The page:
Rabbi Ben Zion Yadler • “The Maggid of Jerusalem”
All the days of the life of the Tzaddik Rabbi Ben Zion Yadler were devoted to Torah and the fear of G-d. His voice was heard in the cities of Eretz Israel for 70 years without interruption, a voice that awakened hearts to repentance and good deeds.
Let us examine just who this Tzaddik was, a man whom all the Jews of Eretz Israel loved and whose impassioned and awe-inspiring words were heeded.
Rabbi Yitzchak Zev Goldberg was a great Talmid Chacham and a wealthy man. At an early age he dispensed with all his business dealings in the city of Grodno and traveled to the port of Odessa on his way to Eretz Israel. In those times, the journey to Eretz Israel was not easy. The Turkish government, which was then in power, prohibited his family from settling down in the land of his ancestors. When Rabbi Yitzchak Zev arrived at the coast of Jaffa, his wife was hidden in a sack of potatoes. Thus when these sacks were being lowered off the ship, one of them contained the mother of Rabbi Ben Zion Yadler!
Rabbi Yitzchak Zev remained in Jaffa with his wife for several weeks, as they awaited a caravan heading for Jerusalem on camels. The journey from Jaffa to Jerusalem lasted two days.
When they arrived in the holy city, Rabbi Yitzchak Zev tore his clothes (in accordance with Halachah), but when he proceeded to tear his wife’s clothes, she was seized with birth pangs and began to give birth. She bore a son, whom his father named Ben Zion because he was born at the gates of Zion.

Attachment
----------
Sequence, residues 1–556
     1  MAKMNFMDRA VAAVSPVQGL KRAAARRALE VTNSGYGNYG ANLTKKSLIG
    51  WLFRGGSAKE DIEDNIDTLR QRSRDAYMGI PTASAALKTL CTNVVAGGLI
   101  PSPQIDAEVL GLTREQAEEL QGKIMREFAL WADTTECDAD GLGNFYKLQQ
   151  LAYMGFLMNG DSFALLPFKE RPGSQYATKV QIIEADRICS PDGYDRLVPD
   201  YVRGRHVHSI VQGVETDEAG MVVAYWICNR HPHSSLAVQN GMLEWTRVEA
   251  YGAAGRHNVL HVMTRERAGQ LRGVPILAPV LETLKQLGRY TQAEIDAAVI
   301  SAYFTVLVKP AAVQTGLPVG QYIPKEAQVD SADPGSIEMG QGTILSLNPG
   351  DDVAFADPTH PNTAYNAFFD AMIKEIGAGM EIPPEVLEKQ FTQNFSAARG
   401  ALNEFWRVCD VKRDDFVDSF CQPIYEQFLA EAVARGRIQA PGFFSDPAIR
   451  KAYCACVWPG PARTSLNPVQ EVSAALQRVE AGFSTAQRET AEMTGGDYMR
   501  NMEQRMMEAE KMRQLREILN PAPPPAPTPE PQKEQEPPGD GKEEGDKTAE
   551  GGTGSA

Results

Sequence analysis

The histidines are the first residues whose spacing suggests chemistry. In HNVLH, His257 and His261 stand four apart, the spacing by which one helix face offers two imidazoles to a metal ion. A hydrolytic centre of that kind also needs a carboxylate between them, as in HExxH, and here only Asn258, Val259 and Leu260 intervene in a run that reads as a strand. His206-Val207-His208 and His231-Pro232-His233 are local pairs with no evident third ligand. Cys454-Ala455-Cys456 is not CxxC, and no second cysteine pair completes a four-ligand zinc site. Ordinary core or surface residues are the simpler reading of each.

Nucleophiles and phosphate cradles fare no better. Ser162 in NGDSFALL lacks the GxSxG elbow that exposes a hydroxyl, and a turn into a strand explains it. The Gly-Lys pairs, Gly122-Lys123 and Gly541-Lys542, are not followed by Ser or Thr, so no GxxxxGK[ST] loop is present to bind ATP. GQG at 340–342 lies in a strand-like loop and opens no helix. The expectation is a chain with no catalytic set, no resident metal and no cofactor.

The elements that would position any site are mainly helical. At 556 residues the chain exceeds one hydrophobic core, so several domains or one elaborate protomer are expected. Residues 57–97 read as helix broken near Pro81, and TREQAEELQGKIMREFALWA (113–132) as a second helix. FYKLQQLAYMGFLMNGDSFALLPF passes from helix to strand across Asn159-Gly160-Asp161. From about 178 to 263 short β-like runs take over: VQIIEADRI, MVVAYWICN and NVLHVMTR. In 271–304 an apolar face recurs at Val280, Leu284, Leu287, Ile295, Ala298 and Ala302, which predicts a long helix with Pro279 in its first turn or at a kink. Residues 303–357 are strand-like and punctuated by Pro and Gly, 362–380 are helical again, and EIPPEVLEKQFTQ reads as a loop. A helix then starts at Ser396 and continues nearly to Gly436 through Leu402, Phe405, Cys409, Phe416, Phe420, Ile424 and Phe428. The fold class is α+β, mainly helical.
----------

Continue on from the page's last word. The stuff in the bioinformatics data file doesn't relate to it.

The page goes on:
Like all children in Jerusalem, the young Ben Zion was educated in the famous Etz Chaim yeshiva, where he rose in the rungs of Torah and the fear of G-d. At the age of 22, he received semichah from Rabbi Shemuel Salant’s Beit Din.
During that time, Jews in Eretz Israel had already spread beyond the walls of Jerusalem and begun to establish settlements. In a short time, new settlements were established in every corner of the land. Rabbi Ben Zion was appointed by Rabbi Shemuel Salant’s Beit Din to go from village to village in order to teach and watch over the separation of offerings and tithes, mitzvot dependent on the land.
Automobiles did not exist at that time, and Rabbi Ben Zion would travel by donkey from Jerusalem to Metula, Mishmar Hayarden, Rosh Pina, and throughout the Galilee. Wherever he went, he would speak in synagogues, markets, and city streets, and his words – which emanated from a pure heart – entered the hearts of his listeners.
The Dayan Tzvi Harkavi, a native of the village of Yavniel, recounts that his father was a shochet in several places in the Lower Galilee. On one rainy summer night, his father was slaughtering a poor farmer’s calf about which a question of kashrut arose. Tiberias was far away and the road there was dangerous. He was very troubled and didn’t know how to rule concerning this calf. All of a sudden he heard steps in the howling of the wind and rain, and Rabbi Ben Zion entered his house and removed his drenched clothes, trembling all over because of the cold and rain. He sat down with the shochet and drank some coffee, and they began to weigh the issue at hand. They consulted some books and discussed the matter at length, and all of a sudden the two burst out in joy: The calf was kosher! The next day, after prayers, Rabbi Ben Zion gave a lecture in the small synagogue. Albeit a meager public turnout, they and their children greatly benefited from this lecture, and everyone parted from their guest with a feeling of gratitude, for his arrival had brought with it a feeling of warmth and enjoyment in this lost village.